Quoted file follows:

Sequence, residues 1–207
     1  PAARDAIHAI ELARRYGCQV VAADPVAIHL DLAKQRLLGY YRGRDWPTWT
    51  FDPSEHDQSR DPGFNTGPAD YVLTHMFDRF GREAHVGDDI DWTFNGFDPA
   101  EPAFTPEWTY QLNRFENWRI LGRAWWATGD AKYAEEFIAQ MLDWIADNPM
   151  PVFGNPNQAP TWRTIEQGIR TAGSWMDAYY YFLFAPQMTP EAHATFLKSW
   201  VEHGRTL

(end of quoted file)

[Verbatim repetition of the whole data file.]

Sequence, residues 1–207
     1  PAARDAIHAI ELARRYGCQV VAADPVAIHL DLAKQRLLGY YRGRDWPTWT
    51  FDPSEHDQSR DPGFNTGPAD YVLTHMFDRF GREAHVGDDI DWTFNGFDPA
   101  EPAFTPEWTY QLNRFENWRI LGRAWWATGD AKYAEEFIAQ MLDWIADNPM
   151  PVFGNPNQAP TWRTIEQGIR TAGSWMDAYY YFLFAPQMTP EAHATFLKSW
   201  VEHGRTL